Nearly half of the Yukon’s rural health centres have seen closures and limited services over the past few months due to staff shortages despite the territorial government touting progress and making an effort to get more much-needed health-care workers in the territory.
Since May, Pelly Crossing, Destruction Bay, Mayo, Teslin, Beaver Creek and Ross River health centres have been closed or had services reduced — for weeks at a time in some cases. Additionally, the Whitehorse hospital has warned about long wait times, the Dawson City hospital says it will take longer to get blood work and x-rays, and two local surgeons recently rang the alarm about extended waiting periods for joint replacement surgeries.
Meanwhile, three rural health centres are currently temporarily closed or closing due to a lack of nurses, according to a July 27 email from communications analyst Ken Hegan of the Health and Social Services department.
According to the email, Beaver Creek Health Centre will be shutting its doors again from Aug. 2 to 15 due to having no nurse. A doctor clinic will run as planned on Aug. 3. The centre had previously shuttered for nearly a month this spring.
Per the email, Pelly Crossing Health Centre has shut down from July 10 to Aug. 4.
A Facebook post by the department indicates the Ross River Health Centre will be closed for a month starting July 28. While no nurse is available during the closure, a doctor will visit the community for scheduled clinics. Ross River is getting added support from emergency medical services, which continues to place staff as workers become available. A nurse is expected to be in the community on Aug. 29, and full services will return on Aug. 31.
Per the post, 911 is still an option in the case of an emergency, and 811 can be called for non-emergency health issues.
Minister defends record
In a July 27 phone interview, Health Minister Tracy-Anne McPhee said the territory is progressing on the human health resources front.
Per the minister, the vacancy rate for government-employed community nurses has dropped from almost 47 per cent last year to 32 per cent. (A July 28 press release clarifies the vacancy rate is actually 32.9 per cent.)
The “find a primary care provider” program waitlist dipped from 3,840 clients in March to 3,402 as of July 27, Hegan wrote. Formerly known as the “find a family doctor” program, it now matches residents with a family doctor or a nurse practitioner.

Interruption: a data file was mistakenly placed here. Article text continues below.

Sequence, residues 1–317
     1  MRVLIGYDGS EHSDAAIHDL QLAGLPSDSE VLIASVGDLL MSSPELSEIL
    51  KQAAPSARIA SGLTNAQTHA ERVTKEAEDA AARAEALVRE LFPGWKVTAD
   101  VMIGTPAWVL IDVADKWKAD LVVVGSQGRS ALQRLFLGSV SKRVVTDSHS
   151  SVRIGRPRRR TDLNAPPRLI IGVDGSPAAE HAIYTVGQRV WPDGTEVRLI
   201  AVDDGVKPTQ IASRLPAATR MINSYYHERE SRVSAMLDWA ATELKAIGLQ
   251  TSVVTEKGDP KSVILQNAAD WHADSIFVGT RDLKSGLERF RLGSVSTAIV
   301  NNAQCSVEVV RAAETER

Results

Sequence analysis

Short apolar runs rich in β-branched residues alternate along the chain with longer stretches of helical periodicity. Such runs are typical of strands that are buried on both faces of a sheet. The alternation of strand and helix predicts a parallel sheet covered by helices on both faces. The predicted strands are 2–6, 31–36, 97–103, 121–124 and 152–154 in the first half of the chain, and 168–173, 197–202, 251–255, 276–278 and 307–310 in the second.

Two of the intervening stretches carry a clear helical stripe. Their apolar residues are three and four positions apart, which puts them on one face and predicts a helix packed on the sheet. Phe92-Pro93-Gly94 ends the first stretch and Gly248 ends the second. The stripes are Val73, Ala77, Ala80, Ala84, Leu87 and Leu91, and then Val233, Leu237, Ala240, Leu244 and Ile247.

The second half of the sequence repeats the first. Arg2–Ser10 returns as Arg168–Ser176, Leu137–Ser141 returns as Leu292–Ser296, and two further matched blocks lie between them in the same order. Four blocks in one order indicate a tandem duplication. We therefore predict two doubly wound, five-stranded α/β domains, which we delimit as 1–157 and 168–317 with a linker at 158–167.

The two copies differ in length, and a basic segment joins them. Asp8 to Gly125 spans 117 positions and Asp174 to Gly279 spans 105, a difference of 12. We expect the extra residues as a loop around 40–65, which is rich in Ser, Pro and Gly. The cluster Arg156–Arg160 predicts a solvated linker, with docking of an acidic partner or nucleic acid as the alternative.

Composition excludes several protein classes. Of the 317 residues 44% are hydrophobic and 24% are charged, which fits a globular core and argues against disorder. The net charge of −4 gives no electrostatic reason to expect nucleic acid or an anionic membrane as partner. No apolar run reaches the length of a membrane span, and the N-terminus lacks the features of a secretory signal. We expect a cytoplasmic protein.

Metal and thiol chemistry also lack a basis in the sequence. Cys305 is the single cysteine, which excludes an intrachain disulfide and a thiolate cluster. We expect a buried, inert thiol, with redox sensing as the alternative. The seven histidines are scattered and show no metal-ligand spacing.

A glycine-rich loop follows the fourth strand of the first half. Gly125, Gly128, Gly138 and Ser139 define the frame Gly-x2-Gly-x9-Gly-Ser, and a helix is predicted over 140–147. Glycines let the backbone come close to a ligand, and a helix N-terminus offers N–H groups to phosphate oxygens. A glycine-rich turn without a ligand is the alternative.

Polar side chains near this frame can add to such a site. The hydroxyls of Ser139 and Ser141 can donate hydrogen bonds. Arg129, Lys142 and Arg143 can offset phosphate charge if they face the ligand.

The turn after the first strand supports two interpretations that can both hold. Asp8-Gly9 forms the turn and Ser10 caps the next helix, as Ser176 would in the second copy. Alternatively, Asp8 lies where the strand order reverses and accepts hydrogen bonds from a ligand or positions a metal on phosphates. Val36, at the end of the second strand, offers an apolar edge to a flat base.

McPhee said efforts are happening from the top of the nation to the frontlines. She argues the Yukon government is working on several solutions to get and keep health-care workers in the Yukon, including a recruitment and retention bonus package announced in December for nurses and a couple of relatively newer ones.
In March, the territorial government created a steering committee to come up with a strategy to address the health-care workforce shortage.
Citing a worldwide shortage of health and social services workers, a July 27 press release from the Yukon government formally announces that a human health resources steering committee has been formed.
“A committee like this is really unprecedented in the territory and maybe even anywhere,” McPhee said.
“We’ve brought together health-care partners and social services partners who understand the urgency and the intensity of the situation in our global shortage of health-care providers, and they’re seeking bold and innovative solutions for immediate action, mid-term action and long-term action.”
Per the release, the steering committee is being led by the territorial government and the Yukon Hospital Corporation and composed of representatives from the government and the corporation as well as the Yukon Medical Association, the Yukon Registered Nurses Association, the Yukon Medical Council, Yukon First Nations, the Yukon Employees Union, Yukon University and the Professional Institute of the Public Service of Canada.